Chepstow: track remembers another Dorothy Mort on Monday
PICTURE: Getty Images
IT’S so easy to get in a muddle with names and, at first sight, the 1.00 at Chepstow comes as a shock. A race being run in memory of Dorothy Mort!
If you follow cricket you may remember Dr Claude Tozer, who played for New South Wales and was on the brink of a Test career when fate or, more accurately, Mrs Mort intervened.
It was a few days before Christmas. Unwisely, as it turned out, Tozer told Mort that their affair, conducted largely on Dorothy’s living room sofa, was over. Dorothy, who had an unusually large nose although that might have made no difference, took the news badly and shot Tozer dead.
She then shot herself but survived to stand trial for murder. Luckily for Dorothy, she was found not guilty by reason of insanity and, eight years later, released on the grounds that she was no longer insane.
Her husband Harold Mort, who must have been very cross at the time, took her home to the house that had been the scene of the unfortunate events. Dorothy didn’t kill anyone else and lived on until she was 81.
My suspicions were aroused by the fact that the Morts lived in Australia, the murder took place in 1920 and Dorothy died in 1966.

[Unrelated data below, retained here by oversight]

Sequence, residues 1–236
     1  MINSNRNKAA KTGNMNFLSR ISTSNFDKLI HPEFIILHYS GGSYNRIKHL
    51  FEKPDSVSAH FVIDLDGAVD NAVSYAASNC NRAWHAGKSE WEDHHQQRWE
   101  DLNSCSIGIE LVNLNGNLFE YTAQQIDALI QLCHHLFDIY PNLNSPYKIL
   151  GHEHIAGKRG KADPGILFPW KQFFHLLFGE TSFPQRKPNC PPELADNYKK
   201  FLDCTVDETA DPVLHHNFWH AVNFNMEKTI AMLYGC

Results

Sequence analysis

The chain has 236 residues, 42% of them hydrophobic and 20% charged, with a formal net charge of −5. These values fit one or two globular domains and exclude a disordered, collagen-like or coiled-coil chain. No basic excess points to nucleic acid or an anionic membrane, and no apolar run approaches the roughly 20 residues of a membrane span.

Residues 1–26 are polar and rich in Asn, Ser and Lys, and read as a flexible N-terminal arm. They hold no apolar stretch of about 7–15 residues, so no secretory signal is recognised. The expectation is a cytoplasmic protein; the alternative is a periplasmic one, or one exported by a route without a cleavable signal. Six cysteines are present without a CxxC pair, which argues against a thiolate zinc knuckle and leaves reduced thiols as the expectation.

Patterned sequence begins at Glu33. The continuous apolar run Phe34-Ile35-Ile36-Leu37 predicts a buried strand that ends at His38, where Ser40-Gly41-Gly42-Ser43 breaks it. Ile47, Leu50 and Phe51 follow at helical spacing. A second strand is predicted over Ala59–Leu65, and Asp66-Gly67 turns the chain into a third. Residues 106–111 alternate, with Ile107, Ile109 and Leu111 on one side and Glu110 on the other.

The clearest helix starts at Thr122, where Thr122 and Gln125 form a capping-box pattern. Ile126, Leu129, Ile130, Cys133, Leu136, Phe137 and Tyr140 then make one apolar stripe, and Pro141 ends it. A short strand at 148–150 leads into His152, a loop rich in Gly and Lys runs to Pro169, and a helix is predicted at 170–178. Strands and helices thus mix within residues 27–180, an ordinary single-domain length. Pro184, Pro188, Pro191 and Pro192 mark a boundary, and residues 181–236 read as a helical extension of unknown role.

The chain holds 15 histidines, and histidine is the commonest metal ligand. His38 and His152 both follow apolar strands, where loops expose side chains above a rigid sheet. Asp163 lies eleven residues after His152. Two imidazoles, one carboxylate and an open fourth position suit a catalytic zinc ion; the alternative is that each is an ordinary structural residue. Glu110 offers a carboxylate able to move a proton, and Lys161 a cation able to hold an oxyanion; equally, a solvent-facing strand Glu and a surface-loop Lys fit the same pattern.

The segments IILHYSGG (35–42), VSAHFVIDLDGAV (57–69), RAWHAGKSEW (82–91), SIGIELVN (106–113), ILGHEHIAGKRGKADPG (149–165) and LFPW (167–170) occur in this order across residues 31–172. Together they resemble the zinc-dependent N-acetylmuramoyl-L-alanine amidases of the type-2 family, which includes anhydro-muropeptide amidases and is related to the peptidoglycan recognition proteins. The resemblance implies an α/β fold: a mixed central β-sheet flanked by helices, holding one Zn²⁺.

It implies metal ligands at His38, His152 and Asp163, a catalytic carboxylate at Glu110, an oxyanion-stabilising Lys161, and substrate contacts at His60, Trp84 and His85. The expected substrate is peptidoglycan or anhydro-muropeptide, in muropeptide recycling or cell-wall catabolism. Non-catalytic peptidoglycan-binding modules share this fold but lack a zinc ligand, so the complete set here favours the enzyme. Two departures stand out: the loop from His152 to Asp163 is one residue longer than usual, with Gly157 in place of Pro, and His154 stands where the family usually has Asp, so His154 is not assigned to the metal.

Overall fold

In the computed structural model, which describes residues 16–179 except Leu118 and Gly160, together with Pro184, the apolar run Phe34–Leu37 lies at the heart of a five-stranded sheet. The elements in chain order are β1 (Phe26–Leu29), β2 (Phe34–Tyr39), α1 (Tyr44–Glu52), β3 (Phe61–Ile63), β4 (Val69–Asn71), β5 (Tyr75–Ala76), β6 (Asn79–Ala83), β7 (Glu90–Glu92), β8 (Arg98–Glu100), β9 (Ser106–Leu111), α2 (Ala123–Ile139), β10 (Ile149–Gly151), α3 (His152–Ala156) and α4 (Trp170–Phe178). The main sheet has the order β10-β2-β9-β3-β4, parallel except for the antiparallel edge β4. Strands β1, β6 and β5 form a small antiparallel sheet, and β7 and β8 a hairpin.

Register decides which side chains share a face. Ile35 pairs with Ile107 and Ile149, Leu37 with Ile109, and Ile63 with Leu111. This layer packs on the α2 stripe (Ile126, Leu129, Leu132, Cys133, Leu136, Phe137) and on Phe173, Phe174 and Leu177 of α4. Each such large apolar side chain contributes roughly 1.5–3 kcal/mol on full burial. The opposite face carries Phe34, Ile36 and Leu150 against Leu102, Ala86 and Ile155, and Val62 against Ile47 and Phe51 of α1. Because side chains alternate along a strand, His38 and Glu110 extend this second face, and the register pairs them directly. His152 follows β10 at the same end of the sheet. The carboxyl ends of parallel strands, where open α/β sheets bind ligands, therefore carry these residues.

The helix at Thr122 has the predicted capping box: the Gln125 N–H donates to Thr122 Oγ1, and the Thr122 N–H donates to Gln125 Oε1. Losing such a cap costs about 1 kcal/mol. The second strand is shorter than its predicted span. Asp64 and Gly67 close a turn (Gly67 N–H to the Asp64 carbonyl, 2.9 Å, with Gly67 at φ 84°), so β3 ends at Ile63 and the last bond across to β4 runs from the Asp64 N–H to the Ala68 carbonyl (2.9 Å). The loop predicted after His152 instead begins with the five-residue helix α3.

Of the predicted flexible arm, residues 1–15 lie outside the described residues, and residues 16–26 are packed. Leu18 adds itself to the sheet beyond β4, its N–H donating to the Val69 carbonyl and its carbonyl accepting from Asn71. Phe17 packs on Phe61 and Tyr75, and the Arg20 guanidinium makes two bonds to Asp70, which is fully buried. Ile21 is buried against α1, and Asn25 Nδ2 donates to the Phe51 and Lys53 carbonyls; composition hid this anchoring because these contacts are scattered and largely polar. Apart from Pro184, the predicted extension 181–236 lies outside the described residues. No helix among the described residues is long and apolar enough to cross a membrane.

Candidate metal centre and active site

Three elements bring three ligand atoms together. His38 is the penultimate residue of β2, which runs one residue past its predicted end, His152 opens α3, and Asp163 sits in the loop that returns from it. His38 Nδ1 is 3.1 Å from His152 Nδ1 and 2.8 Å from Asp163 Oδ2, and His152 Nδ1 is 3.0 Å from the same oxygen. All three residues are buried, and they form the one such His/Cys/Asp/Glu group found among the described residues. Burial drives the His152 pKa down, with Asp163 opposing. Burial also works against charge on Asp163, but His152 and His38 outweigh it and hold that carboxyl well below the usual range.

We need to be quite clear; the Dorothy Mort Memorial EBF Maiden Stakes, which will be won by Good Omen, refers to a quite different Dorothy Mort, who was married to David Mort for 62 years without murdering anyone.
Far from it. Dorothy, who died in 2014, was evidently widely liked and respected. She and her husband founded and ran the Port Talbot Plant company and after retiring pursued their shared love of horse racing, owning several horses.
More tributes at Epsom
At Epsom, where it’s Amateur Derby Day (4.20), there are other curiosities. The 5.25 is named after Isabella Beeton, better known as Mrs Beeton, famous for her Book of Household Management (1861). I think of Mrs Beeton as a matronly, middle-aged lady. Not so! The book was published when she was 25 and she died aged 28.
Henry Dorling (see the 3.50) was Isabella’s stepfather and Epsom’s clerk of the course. For a while the family lived in the grandstand. It’s true.
Then there was Stanley Wootton, remembered in the 4.55. Wootton, the ‘Emperor of Epsom’, was a successful trainer of both horses and jockeys as well as a substantial land and property owner. As I discovered ten years ago in Board of Inland Revenue files, Wootton was also an extremely successful gambler, although it is questionable how much risk his bets involved.
Wootton claimed that his training and farming businesses made heavy losses but that between 1940 and 1954 he made £375,000 from betting, most of it backed up with documentation and none of it liable for tax. He had paid none since before the War.
That amount then equates to well over £10 million today. Pity he isn’t still here to ask what he fancies.
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